The present invention concerns improvements in a push-in tab to more easily break the tab away from the can lid at the score marks defining the gate. In prior concepts, the tab was simply pushed into the can. Reinforcing means could be used to hold the can rigid, and a pointed tab could be used, if necessary, to commence tearing the score mark. This score mark, cut into the lid, will leave a thin, metal bridge or neck connecting the tab and the lid. This thin neck, once ruptured, will easily tear, bu otherwise, it can resist substantial pulling or shear forces. Accordingly, difficulty has been experienced in opening push-in tabs and the present invention was conceived and developed with such considerations in view, and comprises, in essence, a modification of the tab to a slightly dished structure adapted to flex from a convex to a concave form in a manner analogous to the undersurface of an oil can, an effect which is commonly referred to as an oil can action. This action, combined with irregularities in the surface of the tab at the score line can create stress concentrations at the score line which will easily rupture the neck at the score line.
It follows that an object of the invention is to provide a novel and improved push-in tab in the lid of a beverage can which may be opened by pressing against the gate with a moderate finger or thumb pressure.
Another object of the invention is to provide, in a push-in tab in the lid of the can having the outline of the tab defined by a score mark, a novel and improved means to rupture the score mark to permit the tab to be first ruptured to relieve internal pressure, if necessary, and then to be easily torn from the lid as it is pushed into the can.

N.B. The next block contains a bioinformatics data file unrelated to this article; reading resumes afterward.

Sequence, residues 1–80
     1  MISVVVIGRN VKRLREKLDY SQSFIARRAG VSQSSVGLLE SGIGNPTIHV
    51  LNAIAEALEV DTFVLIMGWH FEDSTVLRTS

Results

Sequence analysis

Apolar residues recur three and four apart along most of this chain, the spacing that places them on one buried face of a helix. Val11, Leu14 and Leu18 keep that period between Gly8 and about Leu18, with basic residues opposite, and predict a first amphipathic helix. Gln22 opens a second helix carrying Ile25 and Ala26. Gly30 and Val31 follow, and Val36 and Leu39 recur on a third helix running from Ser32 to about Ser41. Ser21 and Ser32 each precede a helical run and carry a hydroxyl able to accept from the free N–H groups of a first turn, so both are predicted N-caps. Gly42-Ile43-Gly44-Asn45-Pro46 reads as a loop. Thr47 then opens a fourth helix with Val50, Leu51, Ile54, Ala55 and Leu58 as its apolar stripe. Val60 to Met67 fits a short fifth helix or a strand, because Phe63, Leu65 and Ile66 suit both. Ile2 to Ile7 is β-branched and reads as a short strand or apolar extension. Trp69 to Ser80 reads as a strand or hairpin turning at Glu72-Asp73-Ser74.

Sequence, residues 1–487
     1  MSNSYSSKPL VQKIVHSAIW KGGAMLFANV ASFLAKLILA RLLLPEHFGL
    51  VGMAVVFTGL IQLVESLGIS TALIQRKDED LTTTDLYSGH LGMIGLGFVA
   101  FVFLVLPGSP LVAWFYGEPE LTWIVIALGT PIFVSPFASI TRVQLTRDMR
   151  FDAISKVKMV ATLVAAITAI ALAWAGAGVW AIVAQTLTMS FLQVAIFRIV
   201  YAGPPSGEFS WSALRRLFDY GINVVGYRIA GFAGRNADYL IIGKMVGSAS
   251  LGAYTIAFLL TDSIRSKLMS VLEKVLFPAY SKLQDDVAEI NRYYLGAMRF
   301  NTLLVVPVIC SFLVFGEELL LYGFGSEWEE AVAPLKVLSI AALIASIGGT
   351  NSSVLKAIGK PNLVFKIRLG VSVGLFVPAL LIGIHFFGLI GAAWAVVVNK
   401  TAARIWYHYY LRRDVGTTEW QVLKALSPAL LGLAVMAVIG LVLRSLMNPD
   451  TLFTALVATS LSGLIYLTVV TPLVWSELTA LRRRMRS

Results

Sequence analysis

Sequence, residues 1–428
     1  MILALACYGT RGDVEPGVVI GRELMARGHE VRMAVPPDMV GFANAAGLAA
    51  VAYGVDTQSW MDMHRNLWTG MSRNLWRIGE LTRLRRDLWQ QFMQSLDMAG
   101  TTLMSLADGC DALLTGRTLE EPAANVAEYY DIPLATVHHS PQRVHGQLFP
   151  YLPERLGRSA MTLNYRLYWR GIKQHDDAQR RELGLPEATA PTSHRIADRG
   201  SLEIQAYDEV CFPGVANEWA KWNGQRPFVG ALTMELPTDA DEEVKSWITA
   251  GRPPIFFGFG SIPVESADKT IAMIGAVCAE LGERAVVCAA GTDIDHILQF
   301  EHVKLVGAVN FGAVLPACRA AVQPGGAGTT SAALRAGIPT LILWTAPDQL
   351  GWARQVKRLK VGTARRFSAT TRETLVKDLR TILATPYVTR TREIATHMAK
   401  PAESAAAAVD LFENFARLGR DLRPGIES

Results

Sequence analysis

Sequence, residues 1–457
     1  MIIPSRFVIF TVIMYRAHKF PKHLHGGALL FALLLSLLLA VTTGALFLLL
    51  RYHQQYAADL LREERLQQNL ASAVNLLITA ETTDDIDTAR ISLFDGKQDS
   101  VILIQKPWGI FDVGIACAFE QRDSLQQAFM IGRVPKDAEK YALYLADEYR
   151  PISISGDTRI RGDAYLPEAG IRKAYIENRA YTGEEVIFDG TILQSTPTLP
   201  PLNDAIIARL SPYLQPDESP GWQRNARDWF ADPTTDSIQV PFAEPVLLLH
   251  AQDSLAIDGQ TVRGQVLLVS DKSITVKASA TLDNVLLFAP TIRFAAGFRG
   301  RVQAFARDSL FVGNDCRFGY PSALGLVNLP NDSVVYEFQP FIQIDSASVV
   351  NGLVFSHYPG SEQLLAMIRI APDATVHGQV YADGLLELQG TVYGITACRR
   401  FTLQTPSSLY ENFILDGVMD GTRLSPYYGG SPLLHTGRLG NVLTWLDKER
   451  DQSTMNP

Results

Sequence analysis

Another object of the invention is to provide a novel and improved means for opening a can having a pushin tab in the lid thereof, which does not require special components mounted upon the lid or tab to facilitate opening the can.
Other objects of the invention are to provide, in a push-in tab integral with the lid of a can, a simple, economical arrangement of structural components to facilitate severing the gate from the can with only a moderate degree of force, which is positive and reliable in its operation and which requires a minimal space above the surface of the lid and wont interfere with packaging of nested lids nor the feeding and indexing of lids in a can closing machine, nor with the stacking of cans upon each other when they are packaged.
With the foregoing and other objects in view, my present invention comprises certain constructions, combinations and arrangements of parts and elements as hereinafter described, defined in the appended claims, and illustrated in preferred embodiment in the accompanying drawing, in which:
FIG. 1 is an isometric view of the upper portion of a can having a push tab formed in the lid thereof, modifled according to the principles of the present invention.
FIG. 2 is a plan view of the can lid illustrated at FIG. l, with dotted lines indicating the location of the score mark at the underside of the tab where the tab is torn from the can lid when it is pushed open.
FIG. 3 is a longitudinal sectional view of the top portion of the can, as taken from the indicated line 3-3 at FIG. 2, but on an enlarged scale and with broken lines showing the manner in which the tab flexes and opens when pressed by an individuals thumb.
FIGS. 4, 5 and 6 are fragmentary sectional details, as taken from the respective indicated lines 44, 55 and 6--6 at FIG. 3.
FIG. 7 is an enlarged fragmentary view of a portion of the underside of the can lid and of the tab formed therein.